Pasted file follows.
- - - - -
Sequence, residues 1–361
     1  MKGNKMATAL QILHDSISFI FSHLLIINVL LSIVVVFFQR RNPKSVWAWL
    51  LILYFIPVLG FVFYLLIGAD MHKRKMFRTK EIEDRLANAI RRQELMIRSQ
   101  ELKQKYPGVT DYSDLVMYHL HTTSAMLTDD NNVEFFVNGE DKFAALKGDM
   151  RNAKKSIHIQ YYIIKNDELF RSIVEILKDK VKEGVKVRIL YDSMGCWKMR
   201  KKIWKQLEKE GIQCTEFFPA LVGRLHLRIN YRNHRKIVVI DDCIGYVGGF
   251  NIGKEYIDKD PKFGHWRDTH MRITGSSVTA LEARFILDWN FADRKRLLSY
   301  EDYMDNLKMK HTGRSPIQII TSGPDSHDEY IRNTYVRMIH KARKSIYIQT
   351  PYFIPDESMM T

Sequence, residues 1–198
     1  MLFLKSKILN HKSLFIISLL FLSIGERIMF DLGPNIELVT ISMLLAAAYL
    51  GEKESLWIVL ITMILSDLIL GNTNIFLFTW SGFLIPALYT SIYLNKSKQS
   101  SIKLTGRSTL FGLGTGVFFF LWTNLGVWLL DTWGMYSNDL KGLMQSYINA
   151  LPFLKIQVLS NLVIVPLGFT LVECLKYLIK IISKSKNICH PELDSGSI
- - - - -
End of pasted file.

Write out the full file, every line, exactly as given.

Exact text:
Sequence, residues 1–361
     1  MKGNKMATAL QILHDSISFI FSHLLIINVL LSIVVVFFQR RNPKSVWAWL
    51  LILYFIPVLG FVFYLLIGAD MHKRKMFRTK EIEDRLANAI RRQELMIRSQ
   101  ELKQKYPGVT DYSDLVMYHL HTTSAMLTDD NNVEFFVNGE DKFAALKGDM
   151  RNAKKSIHIQ YYIIKNDELF RSIVEILKDK VKEGVKVRIL YDSMGCWKMR
   201  KKIWKQLEKE GIQCTEFFPA LVGRLHLRIN YRNHRKIVVI DDCIGYVGGF
   251  NIGKEYIDKD PKFGHWRDTH MRITGSSVTA LEARFILDWN FADRKRLLSY
   301  EDYMDNLKMK HTGRSPIQII TSGPDSHDEY IRNTYVRMIH KARKSIYIQT
   351  PYFIPDESMM T

Sequence, residues 1–198
     1  MLFLKSKILN HKSLFIISLL FLSIGERIMF DLGPNIELVT ISMLLAAAYL
    51  GEKESLWIVL ITMILSDLIL GNTNIFLFTW SGFLIPALYT SIYLNKSKQS
   101  SIKLTGRSTL FGLGTGVFFF LWTNLGVWLL DTWGMYSNDL KGLMQSYINA
   151  LPFLKIQVLS NLVIVPLGFT LVECLKYLIK IISKSKNICH PELDSGSI